Adidas is suing Nike for infringement of nine patents concerning shoe technology, smartphone apps, sensors and training devices. The lawsuit seen by MARKETING-INTERACTIVE alleged that several of Nike's apps including Nike Run Club, Nike Training Club, and Nike SNKRS have infringed adidas' patents concerning features such as heart rate monitors, GSP tracking, tracking athletic performance and providing feedback, training plans, and the ability to integrate third-party accessories such as heart rate monitors.

This is not the first time adidas has gone to court over these running and fitness features. In 2014, the sports brand sued Under Armour for its MapMyFitness app which resulted in both parties settling and Under Armour paying adidas a licencing fee. Adidas also slapped Asics with a lawsuit in 2017 for infringing various tech patents.

The lawsuit also cited adidas' Confirmed App which was launched in February 2015 and enables users to reserve and purchase limited-edition footwear. Shortly after, Nike rolled out its Nike SNKRS app which also allows users to purchase shoes from their devices, offering them the option to follow specific sneaker models, and learn more about the shoe history and design through exclusive content from Nike.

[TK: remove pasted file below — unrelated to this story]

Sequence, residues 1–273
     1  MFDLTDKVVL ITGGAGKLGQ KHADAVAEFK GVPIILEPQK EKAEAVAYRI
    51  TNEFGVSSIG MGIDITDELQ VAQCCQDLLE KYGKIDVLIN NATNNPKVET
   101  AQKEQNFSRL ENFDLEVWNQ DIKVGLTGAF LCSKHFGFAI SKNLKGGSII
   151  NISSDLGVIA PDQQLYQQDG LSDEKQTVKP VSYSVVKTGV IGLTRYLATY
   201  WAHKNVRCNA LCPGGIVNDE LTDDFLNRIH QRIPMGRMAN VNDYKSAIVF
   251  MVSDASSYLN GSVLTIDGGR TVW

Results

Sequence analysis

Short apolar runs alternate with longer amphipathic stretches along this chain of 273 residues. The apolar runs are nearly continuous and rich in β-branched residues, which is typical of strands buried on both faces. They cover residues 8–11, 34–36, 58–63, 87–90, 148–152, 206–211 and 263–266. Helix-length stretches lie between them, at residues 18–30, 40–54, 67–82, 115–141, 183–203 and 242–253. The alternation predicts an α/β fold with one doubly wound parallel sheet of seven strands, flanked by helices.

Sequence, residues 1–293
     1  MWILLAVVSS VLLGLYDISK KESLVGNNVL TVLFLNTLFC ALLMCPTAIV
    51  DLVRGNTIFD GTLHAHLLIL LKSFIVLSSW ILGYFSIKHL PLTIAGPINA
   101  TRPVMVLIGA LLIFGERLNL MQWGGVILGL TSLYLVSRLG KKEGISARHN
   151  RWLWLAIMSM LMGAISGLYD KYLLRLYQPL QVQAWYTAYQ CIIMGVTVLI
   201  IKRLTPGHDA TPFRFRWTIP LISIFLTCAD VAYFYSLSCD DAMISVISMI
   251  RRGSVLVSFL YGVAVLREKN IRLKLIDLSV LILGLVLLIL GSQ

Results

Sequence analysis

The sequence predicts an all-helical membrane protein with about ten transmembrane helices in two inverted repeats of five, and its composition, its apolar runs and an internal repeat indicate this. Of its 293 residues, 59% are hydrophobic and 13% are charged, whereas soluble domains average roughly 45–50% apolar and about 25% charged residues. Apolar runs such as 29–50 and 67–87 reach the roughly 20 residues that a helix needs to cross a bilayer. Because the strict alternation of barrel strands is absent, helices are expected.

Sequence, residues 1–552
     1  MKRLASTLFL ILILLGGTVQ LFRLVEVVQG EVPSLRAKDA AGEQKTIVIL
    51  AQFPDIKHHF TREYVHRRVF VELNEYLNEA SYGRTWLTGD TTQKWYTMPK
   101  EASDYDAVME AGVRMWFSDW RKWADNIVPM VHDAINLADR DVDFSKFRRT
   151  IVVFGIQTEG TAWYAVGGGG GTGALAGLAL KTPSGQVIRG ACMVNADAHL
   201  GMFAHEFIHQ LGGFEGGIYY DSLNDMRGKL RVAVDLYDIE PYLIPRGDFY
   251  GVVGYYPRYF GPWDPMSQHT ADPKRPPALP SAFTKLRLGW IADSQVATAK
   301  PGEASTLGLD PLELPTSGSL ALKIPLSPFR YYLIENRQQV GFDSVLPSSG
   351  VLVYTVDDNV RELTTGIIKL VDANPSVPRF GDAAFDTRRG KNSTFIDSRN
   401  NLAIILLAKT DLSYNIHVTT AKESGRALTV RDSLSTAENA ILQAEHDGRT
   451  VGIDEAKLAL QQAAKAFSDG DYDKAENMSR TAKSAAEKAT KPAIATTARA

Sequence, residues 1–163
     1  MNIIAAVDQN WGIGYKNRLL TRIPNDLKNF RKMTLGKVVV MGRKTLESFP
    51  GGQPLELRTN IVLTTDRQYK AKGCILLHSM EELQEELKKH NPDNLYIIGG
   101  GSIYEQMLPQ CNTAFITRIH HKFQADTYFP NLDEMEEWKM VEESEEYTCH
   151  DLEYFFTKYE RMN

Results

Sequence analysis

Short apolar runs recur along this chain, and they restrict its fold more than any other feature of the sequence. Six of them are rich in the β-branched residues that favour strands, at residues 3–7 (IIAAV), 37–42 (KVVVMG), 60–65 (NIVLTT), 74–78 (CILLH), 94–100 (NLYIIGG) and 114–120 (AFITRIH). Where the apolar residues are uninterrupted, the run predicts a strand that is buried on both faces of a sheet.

Adidas also cited Nike's Adapt app as infringing upon the adidas 1, which was launched in 2004 that sensed and adjusted the comfort of the shoe while the shoe was worn. Similarly, the Adapt app is touted by Nike on its website to be "a breakthrough lacing system" that electronically adjusts to the shape of one's foot.

"Adidas has long been a leader in mobile technology, including technology related to mobile fitness and mobile purchases. Adidas was the first in the industry to comprehensively bring data analytics to athletes," the lawsuit said. Adidas is suing Nike for damages and a court order that prevents Nike from "directly or indirectly infringing" of the patents involved, the lawsuit added. MARKETING-INTERACTIVE has reached out to Nike for comment.

This lawsuit comes after Nike requested the US International Trade Commission to block imports of multiple types of adidas shoes last December on the grounds that they "infringe patents covering its lightweight Flyknit design technology", as reported by Reuters previously. This is not the first time these two sportswear giants have crossed swords. In 2005, Nike also sued adidas, claiming that the latter's shoes violated two patterns concerning shoe design. The case was later dropped in 2007.

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